The strategy that has been developed is organized around eight areas that the World Health Organization has identified as having an influence on the health and well being of older adults. They include open space and buildings, transportation, respect and inclusion, housing, communications and information, civic participation and employment, health and community and community services and social participation. Goals of the first area are as outlined below. Succeeding articles will explain the other goals.
OPEN SPACE & BUILDINGS
The draft of the plan notes that WeHo already is described as a “small town surrounded by the big city” and is noted for its walkability and community spaces such as the library and the community center. Going forward, the plan proposes additional measures to create a safe and accessible places for other residents to gather.
Priority 1 Goals:
- Use the Neighborhood Watch model to increase involvement of neighbors with one another. Neighborhood Watch is a public safety effort in which volunteers in different neighborhoods work together to keep an eye out for possible crimes and make sure the Sheriff’s Station is notified.
- Encourage the Sheriff’s station to establish a permanent bicycle team in West Hollywood. Currently in WeHo, the 16th most densely populated city in the nation, sheriff’s deputies for the most part patrol in cars, a practice more typical in less densely populated areas. That practice increasingly is giving way in other cities to foot patrols or bicycle patrols that increase police engagement with local residents.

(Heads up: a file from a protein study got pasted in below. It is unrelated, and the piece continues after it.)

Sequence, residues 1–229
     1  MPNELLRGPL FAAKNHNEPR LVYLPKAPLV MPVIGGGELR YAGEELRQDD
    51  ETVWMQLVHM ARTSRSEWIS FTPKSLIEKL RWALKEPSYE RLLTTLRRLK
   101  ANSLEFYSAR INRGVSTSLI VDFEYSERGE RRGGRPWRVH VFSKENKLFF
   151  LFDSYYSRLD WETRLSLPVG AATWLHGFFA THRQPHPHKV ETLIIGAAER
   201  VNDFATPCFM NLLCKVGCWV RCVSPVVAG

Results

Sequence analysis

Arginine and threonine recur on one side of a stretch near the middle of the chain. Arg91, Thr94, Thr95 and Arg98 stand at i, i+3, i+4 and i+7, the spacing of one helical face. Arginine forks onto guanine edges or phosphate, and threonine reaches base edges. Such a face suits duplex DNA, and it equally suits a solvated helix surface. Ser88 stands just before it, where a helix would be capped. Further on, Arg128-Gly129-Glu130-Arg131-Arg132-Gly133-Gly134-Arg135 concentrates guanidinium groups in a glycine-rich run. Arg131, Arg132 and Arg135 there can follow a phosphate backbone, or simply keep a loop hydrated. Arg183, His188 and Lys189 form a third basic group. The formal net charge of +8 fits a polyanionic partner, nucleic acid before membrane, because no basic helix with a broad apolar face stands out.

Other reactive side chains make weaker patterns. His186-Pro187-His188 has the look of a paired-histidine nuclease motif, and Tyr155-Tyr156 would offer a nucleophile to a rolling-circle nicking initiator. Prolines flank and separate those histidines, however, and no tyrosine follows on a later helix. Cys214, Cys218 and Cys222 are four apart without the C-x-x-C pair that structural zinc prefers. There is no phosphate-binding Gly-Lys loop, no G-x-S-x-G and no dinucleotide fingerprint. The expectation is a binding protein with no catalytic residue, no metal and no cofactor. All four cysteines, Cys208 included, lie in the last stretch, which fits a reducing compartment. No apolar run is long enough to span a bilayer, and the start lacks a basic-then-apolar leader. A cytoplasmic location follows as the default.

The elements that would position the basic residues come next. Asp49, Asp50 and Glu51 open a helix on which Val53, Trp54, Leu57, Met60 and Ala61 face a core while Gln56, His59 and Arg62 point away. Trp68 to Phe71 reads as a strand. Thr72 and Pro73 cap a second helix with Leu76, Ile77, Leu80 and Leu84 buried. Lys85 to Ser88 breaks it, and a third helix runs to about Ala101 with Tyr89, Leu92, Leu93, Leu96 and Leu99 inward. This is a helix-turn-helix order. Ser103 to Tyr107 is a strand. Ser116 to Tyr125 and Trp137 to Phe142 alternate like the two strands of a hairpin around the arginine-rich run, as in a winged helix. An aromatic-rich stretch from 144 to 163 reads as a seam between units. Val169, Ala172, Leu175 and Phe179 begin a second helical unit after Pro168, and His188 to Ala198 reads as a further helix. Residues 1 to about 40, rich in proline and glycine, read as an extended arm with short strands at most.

- Increase lighting in public areas and embed lighting on city streets.
Priority 2 Goals:
- Redesign the Plummer Park senior lounge as a space where older adults can share art and culture as well as meet to talk and play cards.
- Encourage the development of creative open and green spaces where older residents can gather. These might include spaces on rooftops or in alleyways.
- Partner with local businesses to use existing space as gathering spaces. Some local businesses — independent coffee shops, businesses that operate during untraditional hours, businesses with patios — may be willing to let older adults gather there.
- Install places to sit in public areas and beautify the crosswalks and sidewalks that are important transportation passageways for older adults on foot.
Priority 3: Goals
- Improve public access to city facilities by installing where necessary ramps, wider entrances, more readable signs, easier seating.
- Encourage local businesses to also improve accessibility with easier to navigate entrances and lighting.
- Improve the accessibility parking spaces for people who can’t walk easily. Many parallel parking spaces in lots in the city have such little room between them that it is difficult for anyone to get out of the driver’s seat, much less a person who must get out with a walker.
- Improve the visibility of walking paths to accommodate scooters and walkers.
Tomorrow: Transportation and Respect and Inclusion